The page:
At the start of each meeting, we all ask around, "Where and how did you see God in your life this week?"  For instance, we reconnect with wisdom and perspective via (73 year old) Joan Baez' songs about God, overnight at 3am when all our cells are open, and Sunday morning bright sunrises.

For this week, we read Chapter 7, "The Practice of Living with Purpose -- Vocation" (An Altar in the World , by Barbara Brown Taylor.)

The author summarizes that no matter what we're doing, it's up to us to decide what that purpose is.  "The point is to find something that feeds your sense of purpose, and to be willing to look low for that purpose as well as high.  It may be chopping wood and it may be running a corporation.  Whatever it is, perhaps you will hold open the possibility that doing it is one way to learn what it means to become more fully human, as you press beyond being good to being good for something, in a world with the perfect job for someone like you." 

Day discussed the idea of karma yoga, which is the notion of approaching work as a spiritual practice.  The author writes, "Work connects us to other people....  Every human interaction offers you the chance to make things better or to make things worse.  To decide to make things better can cost you bundles of self-interest."  (p. 114)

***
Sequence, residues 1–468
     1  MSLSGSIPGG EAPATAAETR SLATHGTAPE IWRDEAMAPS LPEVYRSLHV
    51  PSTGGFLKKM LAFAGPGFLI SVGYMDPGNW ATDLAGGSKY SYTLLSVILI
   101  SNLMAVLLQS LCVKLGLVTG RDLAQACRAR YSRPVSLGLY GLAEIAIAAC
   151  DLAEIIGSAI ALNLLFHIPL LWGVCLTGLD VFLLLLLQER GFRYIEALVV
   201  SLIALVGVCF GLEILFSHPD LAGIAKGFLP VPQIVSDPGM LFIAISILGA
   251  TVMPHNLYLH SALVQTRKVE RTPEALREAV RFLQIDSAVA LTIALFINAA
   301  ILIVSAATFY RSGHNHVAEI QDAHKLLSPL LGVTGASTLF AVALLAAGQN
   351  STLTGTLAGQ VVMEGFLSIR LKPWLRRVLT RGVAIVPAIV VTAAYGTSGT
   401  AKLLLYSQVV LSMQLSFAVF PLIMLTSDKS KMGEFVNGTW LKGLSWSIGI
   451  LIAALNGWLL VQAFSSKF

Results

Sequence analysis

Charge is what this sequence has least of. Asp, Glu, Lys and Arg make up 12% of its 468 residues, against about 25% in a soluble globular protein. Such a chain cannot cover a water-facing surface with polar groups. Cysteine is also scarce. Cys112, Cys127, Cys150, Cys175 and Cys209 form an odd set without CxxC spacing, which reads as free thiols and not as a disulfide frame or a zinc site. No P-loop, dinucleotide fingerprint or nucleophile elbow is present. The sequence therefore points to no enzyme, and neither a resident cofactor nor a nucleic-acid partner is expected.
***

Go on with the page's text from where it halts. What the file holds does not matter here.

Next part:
--Pete added that all work must involve personal investment (ego) and have tolerable conditions.

Rose became enthusiastic to find out more about having a church social game night, perhaps at the Chili Cook-off next Saturday, or near the Winter Solstice at 6:30 PM, 12/20/14.

Looking forward to next week, please read Chapter 8, "The Practice of Saying No -- Sabbath" (p. 121).  Thank you.

Sunday, August 17, 2014

Adult Spirituality Group notes

This Sunday, we traveled in Chapter 6 & 7 to explore the concepts of land ownership two thousand years ago in Jesus' age.  It was very different than today.  For example:
• Every 50 years, the land went back to the "original owner".   Check out the concept of (See URL->) "Jubilee".
• In China, every 99 years the land goes back to the state.  This recently happened in Hong Kong, e.g.
Native Americans didn't have a concept for land ownership.  Nobody could "own" anything.  Things were commonly held.